So the reason why you should use long and complex password is the first scenario and the second scenario in case of improper security. You can see as well, that the actual security also depends on the web-developers not just on your password.

  • Thanks. I knew most of that going in, and was asking about an attacker trying to figure out what your password was from a dumped password database full of properly salted passwords. I'm guessing even if it's possible to gain some information from a known phrase in a hashed password, it probably wouldn't help you that much, and that the longer password will still be better. I just wanted to see if anyone knew enough about hashing algorithms to tell me if having a known phrase in a password could somehow help you deconstruct the full password from the hash. – Loktopus Dec 27 '15 at 20:42
  • @Didericis If the attacker knows part of the password he has an advantage. This does not give him an easy shortcut, there is no similarity or pattern between the hash of "atwer1414" and "atwer1414peter123" (assuming a reasonably secure hash function). Though if he has the database dump and wants to target your password specifically for some reason, he does no longer need to try 17 characters, only 8. With a good custom dictionary this should be possible. – John Dec 27 '15 at 22:09
  • Ok, thanks. So they'd still have to bruteforce those first 8 characters? I thought there might be some magical math that would reduce the amount of bruteforcing you'd need to do. ie, if you know that peter123 is in afterw1414peter123 and aaaaaaaapeter123, and know the hash of aaaaaaaapeter123 and a couple other combinations, is it any easier to figure out afterw1414peter123 than it would be to figure out afterw1414? – Loktopus Dec 27 '15 at 22:23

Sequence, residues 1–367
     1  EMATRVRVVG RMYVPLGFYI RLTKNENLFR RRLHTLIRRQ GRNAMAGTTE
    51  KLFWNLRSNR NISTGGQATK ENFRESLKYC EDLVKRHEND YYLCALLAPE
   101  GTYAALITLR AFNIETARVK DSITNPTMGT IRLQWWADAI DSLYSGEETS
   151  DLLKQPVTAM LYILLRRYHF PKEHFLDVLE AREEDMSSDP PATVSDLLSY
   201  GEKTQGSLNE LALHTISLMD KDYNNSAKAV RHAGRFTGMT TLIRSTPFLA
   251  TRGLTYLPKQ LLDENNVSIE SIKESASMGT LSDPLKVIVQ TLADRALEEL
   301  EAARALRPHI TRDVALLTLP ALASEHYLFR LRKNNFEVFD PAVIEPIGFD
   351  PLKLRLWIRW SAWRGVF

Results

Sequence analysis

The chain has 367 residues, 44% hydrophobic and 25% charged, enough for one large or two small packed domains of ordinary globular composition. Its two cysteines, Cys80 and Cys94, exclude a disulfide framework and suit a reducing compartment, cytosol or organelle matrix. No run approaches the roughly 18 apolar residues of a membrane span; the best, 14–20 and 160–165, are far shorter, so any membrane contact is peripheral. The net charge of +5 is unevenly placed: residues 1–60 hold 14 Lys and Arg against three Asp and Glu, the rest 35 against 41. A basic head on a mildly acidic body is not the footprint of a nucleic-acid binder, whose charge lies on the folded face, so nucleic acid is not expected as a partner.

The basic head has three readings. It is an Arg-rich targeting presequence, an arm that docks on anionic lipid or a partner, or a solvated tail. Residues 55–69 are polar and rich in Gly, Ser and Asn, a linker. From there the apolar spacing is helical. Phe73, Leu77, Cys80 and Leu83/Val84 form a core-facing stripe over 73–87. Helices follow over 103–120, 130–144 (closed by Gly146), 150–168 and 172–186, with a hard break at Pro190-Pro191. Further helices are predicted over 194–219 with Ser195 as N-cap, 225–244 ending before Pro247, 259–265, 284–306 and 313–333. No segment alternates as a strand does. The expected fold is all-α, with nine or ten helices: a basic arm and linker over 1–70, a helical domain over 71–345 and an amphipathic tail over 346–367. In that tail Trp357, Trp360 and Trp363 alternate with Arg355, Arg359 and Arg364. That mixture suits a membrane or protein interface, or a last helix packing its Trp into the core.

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    No that would not make a difference as the number of unknown digits remains the same. As I said before you would not find a pattern between the hashes even with partly same input. This of course assumes we are talking about a hash function like SHA-256 with so called avalanche behavior. Changing one digit in the input causes greatly different output. – John Dec 27 '15 at 22:37
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    @Didericis An attacker would not need to brute force. There even is a possible advantage in case he knows part of the password like in this case. It has a distinct pattern with a word followed by numbers. He could create a custom dictionary and could need less attempts. What I have assumed in my previous answer is, that he knows how long the original password was, if he doesn't things get even more complicated. – John Dec 27 '15 at 22:40